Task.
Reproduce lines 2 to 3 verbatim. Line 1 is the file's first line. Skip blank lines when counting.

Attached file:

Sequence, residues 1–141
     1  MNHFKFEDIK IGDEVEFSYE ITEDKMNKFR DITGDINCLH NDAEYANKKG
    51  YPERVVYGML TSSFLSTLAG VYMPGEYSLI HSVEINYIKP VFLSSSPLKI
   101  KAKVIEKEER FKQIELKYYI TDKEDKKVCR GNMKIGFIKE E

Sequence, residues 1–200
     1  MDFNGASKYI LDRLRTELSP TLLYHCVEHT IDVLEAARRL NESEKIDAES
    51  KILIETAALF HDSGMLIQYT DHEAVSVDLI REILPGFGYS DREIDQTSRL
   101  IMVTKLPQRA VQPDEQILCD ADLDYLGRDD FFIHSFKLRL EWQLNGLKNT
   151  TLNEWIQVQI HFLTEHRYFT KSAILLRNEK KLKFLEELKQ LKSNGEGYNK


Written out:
     1  MNHFKFEDIK IGDEVEFSYE ITEDKMNKFR DITGDINCLH NDAEYANKKG
    51  YPERVVYGML TSSFLSTLAG VYMPGEYSLI HSVEINYIKP VFLSSSPLKI